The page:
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E.T. may have phoned home in the hit 1982 feature film, but the mass-produced 1982 video game of the same name had trouble finding enough homes to play it.
In fact, so many cartridges went unsold or returned that a rumor started claiming that game-maker Atari had extra inventory of the “E.T. The Extra-Terrestrial” game buried in a city landfill located in Alamogordo, New Mexico. A planned dig now hopes to uncover the games, if they exist, and along the way take a look at the product that many believe contributed to Atari’s fall from the top of the then-burgeoning video game industry.
Companies Fuel Entertainment and LightBox Interactive — after receiving permission to dig in May 2013 — faced initial roadblocks from the New Mexico Environmental Department, which seeked a revised waste excavation plan. The companies, however, say plans haven’t been halted and they hope to start searching the 100-acre area within four to six weeks — and they hope to turn it into a documentary.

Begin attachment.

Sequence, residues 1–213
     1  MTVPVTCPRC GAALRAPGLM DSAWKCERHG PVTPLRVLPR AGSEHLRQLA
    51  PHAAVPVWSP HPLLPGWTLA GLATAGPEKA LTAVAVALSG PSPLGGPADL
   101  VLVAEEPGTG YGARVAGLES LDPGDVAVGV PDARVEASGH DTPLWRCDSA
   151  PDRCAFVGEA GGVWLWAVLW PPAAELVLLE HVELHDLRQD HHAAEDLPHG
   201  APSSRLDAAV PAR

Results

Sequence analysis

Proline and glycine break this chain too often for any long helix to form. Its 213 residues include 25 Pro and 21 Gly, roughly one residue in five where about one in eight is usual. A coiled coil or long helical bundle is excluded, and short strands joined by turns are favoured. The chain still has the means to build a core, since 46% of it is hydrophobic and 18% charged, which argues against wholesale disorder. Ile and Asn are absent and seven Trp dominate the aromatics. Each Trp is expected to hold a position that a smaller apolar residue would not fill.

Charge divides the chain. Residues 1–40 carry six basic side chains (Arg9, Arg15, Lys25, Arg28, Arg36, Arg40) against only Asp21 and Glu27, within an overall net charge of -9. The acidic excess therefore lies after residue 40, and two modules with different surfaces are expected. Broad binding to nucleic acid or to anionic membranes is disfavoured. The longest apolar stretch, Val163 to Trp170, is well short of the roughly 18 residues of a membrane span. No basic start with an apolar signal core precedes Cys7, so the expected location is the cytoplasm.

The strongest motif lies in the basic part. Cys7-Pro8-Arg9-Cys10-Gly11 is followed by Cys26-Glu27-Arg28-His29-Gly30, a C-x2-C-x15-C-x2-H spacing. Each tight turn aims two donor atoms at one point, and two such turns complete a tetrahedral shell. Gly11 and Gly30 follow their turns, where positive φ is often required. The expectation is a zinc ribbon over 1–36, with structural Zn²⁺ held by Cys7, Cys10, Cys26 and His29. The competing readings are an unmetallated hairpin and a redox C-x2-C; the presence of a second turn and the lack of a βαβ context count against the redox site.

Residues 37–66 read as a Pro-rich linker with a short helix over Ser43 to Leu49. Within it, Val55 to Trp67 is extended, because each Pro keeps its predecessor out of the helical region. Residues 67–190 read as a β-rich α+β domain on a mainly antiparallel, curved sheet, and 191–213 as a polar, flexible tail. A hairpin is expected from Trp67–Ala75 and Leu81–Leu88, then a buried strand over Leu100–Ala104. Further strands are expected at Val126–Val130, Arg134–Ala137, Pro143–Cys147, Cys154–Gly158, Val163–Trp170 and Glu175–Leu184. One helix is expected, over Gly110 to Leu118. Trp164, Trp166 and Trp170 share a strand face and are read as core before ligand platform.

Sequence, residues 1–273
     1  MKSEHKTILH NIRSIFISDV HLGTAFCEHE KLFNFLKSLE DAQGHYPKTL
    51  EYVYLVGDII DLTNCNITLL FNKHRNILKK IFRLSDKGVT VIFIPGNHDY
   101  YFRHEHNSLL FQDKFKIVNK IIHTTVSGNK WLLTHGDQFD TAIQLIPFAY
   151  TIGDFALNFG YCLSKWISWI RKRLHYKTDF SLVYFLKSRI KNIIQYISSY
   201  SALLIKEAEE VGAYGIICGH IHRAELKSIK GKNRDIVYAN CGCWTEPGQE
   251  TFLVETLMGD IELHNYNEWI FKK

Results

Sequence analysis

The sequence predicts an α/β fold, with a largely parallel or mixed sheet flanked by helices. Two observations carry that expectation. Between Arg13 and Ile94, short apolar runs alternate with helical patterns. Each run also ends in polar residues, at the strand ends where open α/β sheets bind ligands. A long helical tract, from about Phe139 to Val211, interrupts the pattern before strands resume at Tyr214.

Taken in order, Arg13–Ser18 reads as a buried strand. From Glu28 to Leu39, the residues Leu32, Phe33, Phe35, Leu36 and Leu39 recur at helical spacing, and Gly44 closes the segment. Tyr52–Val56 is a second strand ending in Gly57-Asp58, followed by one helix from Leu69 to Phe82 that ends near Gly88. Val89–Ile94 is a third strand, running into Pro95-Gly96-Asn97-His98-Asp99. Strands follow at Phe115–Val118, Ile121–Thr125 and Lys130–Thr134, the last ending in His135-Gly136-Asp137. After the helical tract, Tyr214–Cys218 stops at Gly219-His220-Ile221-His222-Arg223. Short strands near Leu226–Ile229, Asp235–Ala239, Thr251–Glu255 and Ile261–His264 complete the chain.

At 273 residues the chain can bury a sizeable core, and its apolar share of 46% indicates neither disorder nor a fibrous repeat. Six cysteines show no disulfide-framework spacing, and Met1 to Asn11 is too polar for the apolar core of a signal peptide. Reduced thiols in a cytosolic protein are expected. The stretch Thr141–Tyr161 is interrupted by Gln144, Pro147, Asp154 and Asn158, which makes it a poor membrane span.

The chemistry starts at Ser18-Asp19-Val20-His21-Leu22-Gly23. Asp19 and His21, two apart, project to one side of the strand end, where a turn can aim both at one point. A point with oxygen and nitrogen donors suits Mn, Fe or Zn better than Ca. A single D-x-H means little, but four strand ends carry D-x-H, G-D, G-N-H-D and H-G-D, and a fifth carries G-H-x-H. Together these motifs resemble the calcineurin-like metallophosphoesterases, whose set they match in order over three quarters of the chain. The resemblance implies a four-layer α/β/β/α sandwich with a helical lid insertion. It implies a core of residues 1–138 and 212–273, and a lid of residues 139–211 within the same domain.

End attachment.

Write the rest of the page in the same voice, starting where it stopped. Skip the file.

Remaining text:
“We thought this has got a really neat story to it. Why don’t we do some digging?” Mike Burns of Fuel Entertainment told The Guardian. “This almost killed Atari: it was a major pop culture shift, and it could have really impacted how gaming turned out long-term. It’s a critical turning point.”
Justin Scuiletti is the digital video producer at PBS NewsHour.
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